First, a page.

The effort to remove oil from the largest crude spill in the United States in nearly a decade will extend into next week, the U.S. Environmental Protection Agency said Friday, making it likely that the Keystone pipeline shutdown will last for several more days.
TC Energy shut the largest oil pipeline to the United States from Canada on Wednesday after it leaked 14,000 barrels of oil into a Kansas creek. It said on Friday it is still determining when it will be able to return the line to service.
The outage on the Keystone, which carries 622,000 barrels of Canadian crude per day to various parts of the United States, could affect inventories at the key Cushing, Oklahoma, storage hub and cut crude supplies to two oil refining centers, analysts said. Crews in Kansas continued cleanup efforts on Friday, but the cause of the spill remained unknown.
"We're beginning to get a better sense of the cleanup efforts that will need to be undertaken in the longer term," said Kellen Ashford, spokesperson for the EPA Region 7, which includes Kansas.
TC Energy aims to restart on Saturday a pipeline segment that sends oil to Illinois, and another portion that brings oil to Cushing on December 20, Bloomberg News reported, citing sources. Reuters has not verified those details.
This is the third spill of several thousand barrels of crude on the pipeline since it first opened in 2010. A previous Keystone spill had caused the pipeline to remain shut for about two weeks.
The spill is in Washington County, a rural area of about 5,500 people about 320 kilometers northwest of Kansas City.
The oil spill has not threatened the local water supply or forced residents to evacuate, Washington County Emergency Management Coordinator Randy Hubbard told Reuters. Workers quickly set up a containment area to restrict oil that had spilled into a creek from flowing downstream.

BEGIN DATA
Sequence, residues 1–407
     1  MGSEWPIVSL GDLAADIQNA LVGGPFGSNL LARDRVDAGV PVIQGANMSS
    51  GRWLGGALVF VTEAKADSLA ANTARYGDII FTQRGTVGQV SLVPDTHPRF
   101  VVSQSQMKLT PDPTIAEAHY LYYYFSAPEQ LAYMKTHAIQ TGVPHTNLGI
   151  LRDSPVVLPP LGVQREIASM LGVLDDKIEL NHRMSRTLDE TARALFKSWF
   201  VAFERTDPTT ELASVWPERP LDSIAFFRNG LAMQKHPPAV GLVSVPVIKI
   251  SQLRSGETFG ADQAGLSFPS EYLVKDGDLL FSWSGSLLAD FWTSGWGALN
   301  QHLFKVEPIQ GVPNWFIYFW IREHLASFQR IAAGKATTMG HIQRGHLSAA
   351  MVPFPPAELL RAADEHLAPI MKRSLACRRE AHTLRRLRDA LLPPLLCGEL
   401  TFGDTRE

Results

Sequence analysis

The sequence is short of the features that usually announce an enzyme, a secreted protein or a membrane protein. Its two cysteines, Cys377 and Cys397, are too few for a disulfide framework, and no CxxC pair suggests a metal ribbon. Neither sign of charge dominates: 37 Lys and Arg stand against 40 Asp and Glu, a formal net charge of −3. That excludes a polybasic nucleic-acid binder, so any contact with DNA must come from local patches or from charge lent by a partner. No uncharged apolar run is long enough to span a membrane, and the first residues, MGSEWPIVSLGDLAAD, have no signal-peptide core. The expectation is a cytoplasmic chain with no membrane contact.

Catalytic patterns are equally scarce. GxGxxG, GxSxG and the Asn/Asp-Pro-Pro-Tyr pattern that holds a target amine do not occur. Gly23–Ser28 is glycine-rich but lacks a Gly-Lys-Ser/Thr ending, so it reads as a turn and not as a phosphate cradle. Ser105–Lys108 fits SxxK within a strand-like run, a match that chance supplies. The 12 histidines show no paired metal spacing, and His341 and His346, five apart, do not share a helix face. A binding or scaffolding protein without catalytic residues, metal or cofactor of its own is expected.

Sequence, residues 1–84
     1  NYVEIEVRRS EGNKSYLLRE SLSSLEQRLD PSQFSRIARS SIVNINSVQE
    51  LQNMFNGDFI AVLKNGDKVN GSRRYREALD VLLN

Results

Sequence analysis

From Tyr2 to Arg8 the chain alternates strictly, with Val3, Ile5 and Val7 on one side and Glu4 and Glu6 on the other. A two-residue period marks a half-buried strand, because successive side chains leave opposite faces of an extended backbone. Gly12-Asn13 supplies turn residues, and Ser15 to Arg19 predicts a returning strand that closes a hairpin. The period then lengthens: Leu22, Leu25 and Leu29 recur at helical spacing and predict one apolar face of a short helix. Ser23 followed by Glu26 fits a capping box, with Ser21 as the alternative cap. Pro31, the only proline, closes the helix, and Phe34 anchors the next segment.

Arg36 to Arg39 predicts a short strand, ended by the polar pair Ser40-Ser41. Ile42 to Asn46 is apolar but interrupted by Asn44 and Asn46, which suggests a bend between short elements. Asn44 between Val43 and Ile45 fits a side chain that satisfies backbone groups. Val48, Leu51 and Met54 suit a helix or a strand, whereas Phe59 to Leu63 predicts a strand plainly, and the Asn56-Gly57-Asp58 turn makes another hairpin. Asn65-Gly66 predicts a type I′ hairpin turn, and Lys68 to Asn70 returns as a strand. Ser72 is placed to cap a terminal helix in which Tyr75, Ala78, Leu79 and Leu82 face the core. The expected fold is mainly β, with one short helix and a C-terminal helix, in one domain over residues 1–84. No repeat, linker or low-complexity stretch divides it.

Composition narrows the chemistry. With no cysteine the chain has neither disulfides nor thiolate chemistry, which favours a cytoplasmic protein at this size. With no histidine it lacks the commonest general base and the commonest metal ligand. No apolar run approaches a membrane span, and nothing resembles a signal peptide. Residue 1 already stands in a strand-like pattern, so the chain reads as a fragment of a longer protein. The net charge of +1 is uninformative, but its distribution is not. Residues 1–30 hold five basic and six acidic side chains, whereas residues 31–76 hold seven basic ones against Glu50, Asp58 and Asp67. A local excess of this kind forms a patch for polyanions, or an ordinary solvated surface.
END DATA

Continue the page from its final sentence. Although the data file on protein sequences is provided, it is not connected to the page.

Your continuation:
"There is no human consumption drinking water that would come out of this," Hubbard said.
Livestock producers in the area have been notified and have taken their own corrective measures to protect their animals, he added.
The EPA is the main federal agency that oversees inland oil spills. If the EPA finds TC Energy liable for the spill, the company would be responsible for the cost of cleanup and repairing any harm to the environment, as well as potential civil and criminal penalties.
Pipeline operators are typically held accountable for breaches by the EPA through the Clean Water Act (CWA) and the related Oil Pollution Act, among others, according to Zygmunt Plater, an environmental law professor at Boston College Law School.
Those federal acts restrict the discharge of pollutants such as oil into waterways and hold pipeline operators responsible for the costs associated with containment, cleanup and damages from spills.
A lengthy shutdown of the pipeline could also lead to Canadian crude getting bottlenecked in Alberta, and drive prices at the Hardisty storage hub lower, although price reaction on Friday was muted.
The Pipeline and Hazardous Materials Safety Administration has to approve the restart of the line. Even once the pipeline starts operating again, the affected area will have to flow at reduced rates pending PHMSA approval.